Questions and Answers What is canine influenza (dog flu) ? Dog flu is a contagious respiratory disease in dogs caused by a specific Type A influenza virus referred to as a “canine influenza virus.” This is a disease of dogs, not of humans. What is a canine influenza virus? The “canine influenza virus” is an influenza A H3N8 influenza virus (not a human influenza virus) that was originally an equine (horse) influenza virus. This virus has spread to dogs and can now spread between dogs. How long has canine influenza been around? The H3N8 equine influenza virus has been known to exist in horses for more than 40 years. In 2004, however, cases of an unknown respiratory illness in dogs (initially greyhounds) were reported. An investigation showed that this respiratory illness was caused by the equine influenza A H3N8 virus. Scientists believe that this virus jumped species (from horses to dogs) and has now adapted to cause illness in dogs and spread efficiently among dogs. This is now considered a new dog-specific lineage of H3N8. In September of 2005, this virus was identified by experts as “a newly emerging pathogen in the dog population” in the United States. What are the symptoms of this infection in dogs? The symptoms of this illness in dogs are cough, runny nose and fever, however, a small proportion of dogs can develop severe disease. How serious is this infection in dogs? The number of dogs infected with this disease that die is very small. Some dogs have asymptomatic infections (no symptoms), while some have severe infections. Severe illness is characterized by the onset of pneumonia. Although this is a relatively new cause of disease in dogs and nearly all dogs are susceptible to infection, about 80 percent of dogs will have a mild form of disease. How does dog flu spread? Canine influenza virus can be spread by direct contact with aerosolized respiratory secretions from infected dogs, by contact with contaminated objects, and by people moving between infected and uninfected dogs. Therefore, dog owners whose dogs are coughing or showing other signs of respiratory disease should not participate in activities or bring their dogs to facilities where other dogs can be exposed to the virus. Clothing, equipment, surfaces, and hands should be cleaned and disinfected after exposure to dogs showing signs of respiratory disease. Is there a test for canine influenza? Testing to confirm canine influenza virus infection is available at veterinary diagnostic centers. The tests can be performed using respiratory secretions collected at the time of disease onset or using two blood samples; the first collected while the animal is sick and the second 2 to 3 weeks later. How is canine influenza treated? Treatment largely consists of supportive care. This helps the dog mount an immune response. In the milder form of the disease, this care may include medication to make your dog more comfortable and fluids to ensure that your dog remains well-hydrated. Broad spectrum antibiotics may be prescribed by your veterinarian if a secondary bacterial infection is suspected. Is there a vaccine for canine influenza? Yes, an approved vaccine is available. What is the risk to humans from this virus? To date, there is no evidence of transmission of canine influenza virus from dogs to people and there has not been a single reported case of human infection with the canine influenza virus. While this virus infects dogs and spreads between dogs, there is no evidence that this virus infects humans. However, human infections with new influenza viruses (against which the human population has little immunity) would be concerning if they occurred. Influenza viruses are constantly changing and it is possible for a virus to change so that it could infect humans and spread easily between humans. Such a virus could represent a pandemic influenza threat. For this reason, the Centers for Disease Control and its partners are monitoring the H3N8 influenza virus (as well as other animal influenza viruses) along with instances of possible human exposure to these viruses very closely. In general, however, canine influenza viruses are considered to pose a low threat to humans. As mentioned earlier, while these viruses are well established in horse and dog populations, there is no evidence of infection among humans with this virus. My dog has a cough, what should I do?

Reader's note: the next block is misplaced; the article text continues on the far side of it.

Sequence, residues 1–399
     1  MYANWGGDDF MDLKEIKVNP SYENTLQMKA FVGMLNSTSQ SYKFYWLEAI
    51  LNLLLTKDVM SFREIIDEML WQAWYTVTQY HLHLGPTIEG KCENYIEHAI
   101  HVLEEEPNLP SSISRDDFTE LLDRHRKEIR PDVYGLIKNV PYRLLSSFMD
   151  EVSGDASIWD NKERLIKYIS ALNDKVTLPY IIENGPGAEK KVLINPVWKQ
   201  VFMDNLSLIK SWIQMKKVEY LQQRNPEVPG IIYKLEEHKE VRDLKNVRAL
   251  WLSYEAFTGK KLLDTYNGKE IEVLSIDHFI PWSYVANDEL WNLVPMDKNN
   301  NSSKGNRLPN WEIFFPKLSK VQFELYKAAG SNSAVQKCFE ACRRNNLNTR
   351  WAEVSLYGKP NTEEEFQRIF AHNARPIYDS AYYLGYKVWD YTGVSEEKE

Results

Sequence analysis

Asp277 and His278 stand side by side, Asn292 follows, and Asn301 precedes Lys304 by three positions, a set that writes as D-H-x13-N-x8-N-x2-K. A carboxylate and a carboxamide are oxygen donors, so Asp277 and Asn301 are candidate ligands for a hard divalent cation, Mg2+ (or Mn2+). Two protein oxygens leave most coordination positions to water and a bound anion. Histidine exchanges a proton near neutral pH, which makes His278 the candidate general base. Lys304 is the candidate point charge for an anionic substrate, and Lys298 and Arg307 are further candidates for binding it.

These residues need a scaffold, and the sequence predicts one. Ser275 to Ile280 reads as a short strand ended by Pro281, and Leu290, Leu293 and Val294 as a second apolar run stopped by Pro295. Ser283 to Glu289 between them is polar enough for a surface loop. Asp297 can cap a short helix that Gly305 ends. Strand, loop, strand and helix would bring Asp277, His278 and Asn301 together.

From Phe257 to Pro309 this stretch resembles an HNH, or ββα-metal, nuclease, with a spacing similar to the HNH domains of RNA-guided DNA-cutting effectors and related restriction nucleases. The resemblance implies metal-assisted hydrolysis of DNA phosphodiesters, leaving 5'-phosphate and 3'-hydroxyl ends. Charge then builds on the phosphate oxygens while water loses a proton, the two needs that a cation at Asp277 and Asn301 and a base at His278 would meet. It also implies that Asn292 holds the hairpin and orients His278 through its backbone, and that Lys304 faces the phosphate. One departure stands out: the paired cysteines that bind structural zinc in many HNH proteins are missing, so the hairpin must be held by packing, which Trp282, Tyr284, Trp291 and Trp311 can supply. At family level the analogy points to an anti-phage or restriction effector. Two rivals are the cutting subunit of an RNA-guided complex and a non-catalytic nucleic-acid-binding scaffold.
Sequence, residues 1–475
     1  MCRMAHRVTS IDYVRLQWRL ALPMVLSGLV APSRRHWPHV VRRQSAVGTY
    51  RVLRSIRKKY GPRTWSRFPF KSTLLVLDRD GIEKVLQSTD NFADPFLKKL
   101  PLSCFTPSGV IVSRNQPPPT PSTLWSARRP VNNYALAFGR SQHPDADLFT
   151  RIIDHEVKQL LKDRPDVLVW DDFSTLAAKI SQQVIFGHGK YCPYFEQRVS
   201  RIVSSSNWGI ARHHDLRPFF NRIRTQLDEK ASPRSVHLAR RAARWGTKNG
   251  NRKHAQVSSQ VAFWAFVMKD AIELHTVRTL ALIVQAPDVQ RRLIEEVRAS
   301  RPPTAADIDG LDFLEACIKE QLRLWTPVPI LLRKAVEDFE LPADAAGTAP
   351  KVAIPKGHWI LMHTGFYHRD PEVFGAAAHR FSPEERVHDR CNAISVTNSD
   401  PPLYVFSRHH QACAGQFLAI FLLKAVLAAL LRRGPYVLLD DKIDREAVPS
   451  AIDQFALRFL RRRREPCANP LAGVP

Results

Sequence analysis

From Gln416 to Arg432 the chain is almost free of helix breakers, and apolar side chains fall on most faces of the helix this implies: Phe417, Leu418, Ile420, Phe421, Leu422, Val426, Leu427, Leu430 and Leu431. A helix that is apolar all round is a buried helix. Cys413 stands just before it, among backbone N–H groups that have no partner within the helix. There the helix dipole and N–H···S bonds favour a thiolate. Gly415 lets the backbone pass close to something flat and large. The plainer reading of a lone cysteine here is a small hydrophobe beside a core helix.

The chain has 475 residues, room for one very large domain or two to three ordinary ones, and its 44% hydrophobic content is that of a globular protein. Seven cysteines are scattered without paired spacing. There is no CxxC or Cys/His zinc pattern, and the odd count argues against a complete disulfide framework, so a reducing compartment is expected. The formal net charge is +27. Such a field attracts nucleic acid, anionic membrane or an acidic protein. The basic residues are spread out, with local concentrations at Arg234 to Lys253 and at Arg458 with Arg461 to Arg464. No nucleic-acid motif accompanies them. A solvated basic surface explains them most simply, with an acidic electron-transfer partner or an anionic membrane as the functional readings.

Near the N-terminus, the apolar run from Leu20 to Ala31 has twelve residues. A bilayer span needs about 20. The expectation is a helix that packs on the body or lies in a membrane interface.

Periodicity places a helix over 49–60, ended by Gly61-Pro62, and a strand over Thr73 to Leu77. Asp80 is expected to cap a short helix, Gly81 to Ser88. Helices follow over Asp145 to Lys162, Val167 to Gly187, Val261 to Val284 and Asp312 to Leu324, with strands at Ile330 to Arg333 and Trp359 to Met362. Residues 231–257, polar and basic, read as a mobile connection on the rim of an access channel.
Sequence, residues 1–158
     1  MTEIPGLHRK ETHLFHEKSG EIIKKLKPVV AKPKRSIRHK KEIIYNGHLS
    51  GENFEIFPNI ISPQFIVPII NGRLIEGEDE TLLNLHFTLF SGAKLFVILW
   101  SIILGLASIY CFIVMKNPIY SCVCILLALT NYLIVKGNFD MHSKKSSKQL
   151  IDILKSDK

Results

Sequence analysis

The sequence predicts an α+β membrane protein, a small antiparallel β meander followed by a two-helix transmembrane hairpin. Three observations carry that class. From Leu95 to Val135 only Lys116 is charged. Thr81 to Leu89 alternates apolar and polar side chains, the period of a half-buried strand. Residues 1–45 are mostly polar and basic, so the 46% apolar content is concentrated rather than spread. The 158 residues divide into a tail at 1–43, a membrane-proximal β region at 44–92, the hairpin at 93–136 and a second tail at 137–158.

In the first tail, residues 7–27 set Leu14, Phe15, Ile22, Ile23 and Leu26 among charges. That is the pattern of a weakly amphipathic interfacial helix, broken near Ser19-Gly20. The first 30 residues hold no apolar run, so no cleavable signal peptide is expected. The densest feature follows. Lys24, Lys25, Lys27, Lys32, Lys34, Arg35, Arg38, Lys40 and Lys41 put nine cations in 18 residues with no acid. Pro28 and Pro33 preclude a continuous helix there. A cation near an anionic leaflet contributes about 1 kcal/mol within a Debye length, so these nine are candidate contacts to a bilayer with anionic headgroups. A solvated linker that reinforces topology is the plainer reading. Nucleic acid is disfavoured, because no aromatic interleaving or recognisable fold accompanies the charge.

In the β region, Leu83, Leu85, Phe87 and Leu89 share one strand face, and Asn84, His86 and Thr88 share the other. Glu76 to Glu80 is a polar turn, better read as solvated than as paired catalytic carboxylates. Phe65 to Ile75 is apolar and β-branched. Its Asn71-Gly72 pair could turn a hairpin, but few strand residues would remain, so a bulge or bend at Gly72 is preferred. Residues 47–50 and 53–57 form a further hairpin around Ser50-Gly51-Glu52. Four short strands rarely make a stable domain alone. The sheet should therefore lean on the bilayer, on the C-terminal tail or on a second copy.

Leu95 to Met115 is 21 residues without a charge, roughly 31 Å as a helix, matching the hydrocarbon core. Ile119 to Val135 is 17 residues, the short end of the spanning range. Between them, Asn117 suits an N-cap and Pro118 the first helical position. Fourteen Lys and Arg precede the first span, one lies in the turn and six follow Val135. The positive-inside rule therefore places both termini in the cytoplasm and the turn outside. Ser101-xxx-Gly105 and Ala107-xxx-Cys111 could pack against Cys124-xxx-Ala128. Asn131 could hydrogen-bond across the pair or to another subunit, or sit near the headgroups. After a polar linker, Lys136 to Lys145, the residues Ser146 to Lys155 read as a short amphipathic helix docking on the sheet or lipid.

Schedule an appointment with your veterinarian so that they can evaluate your dog and recommend an appropriate course of treatment. Adapted from: http://www.cdc.gov/flu/canine/
Be sure to think about all of this if anyone in your household comes down with the flu this winter.
The Ohio State Buckeyes should most likely move up to the #3 spot in the AP College Football poll this week now that Alabama has defeated Georgia. It's really a moot point since we are finishing our 1 year on probation and cannot play for the National Championship this year...but, it's still nice to be considered near the top of any of these lists. This will give us a big boost as we look forward to the 2013 season. Our basketball team is still in the Top 5 as well, so all is good in Columbus.
I wasn't going to mention the Pittsburgh Steelers until they started playing like the season meant something to them. Well, today they did just that...they came from behind in the 4th quarter to beat the Ravens...in Baltimore, no less...something no team has done for 2 years. With our injured starters starting to return to the line-up, we just might have a decent shot at the playoffs.
Desperado and Helpful Buckeye saw the movie, Lincoln, this week and were very impressed with the way the film depicted the internal struggles that went on during the Civil War. In addition, much of the movie was filmed in and around Richmond, VA, the capital of the Confederacy, and we recognized many of the local sites from our 25 years there.
With the beginning of December, Desperado and Helpful Buckeye are ready to begin our medley of good old Christmas movies that we watch each year. We always begin with Holiday Inn, starring Bing Crosby and Fred Astaire and then watch about 9 more until Christmas Day. Also, I put together a new music portfolio of about 15 hours of Holiday music on Windows Media Player. You might not think there'd be any new Holiday music, but you'd be wrong. We listened to some of it tonight and it was great!
~~The goal of this blog is to provide general information and advice to help you be a better pet owner and to have a more rewarding relationship with your pet. This blog does not intend to replace the professional one-on-one care your pet receives from a practicing veterinarian. When in doubt about your pet's health, always visit a veterinarian.~~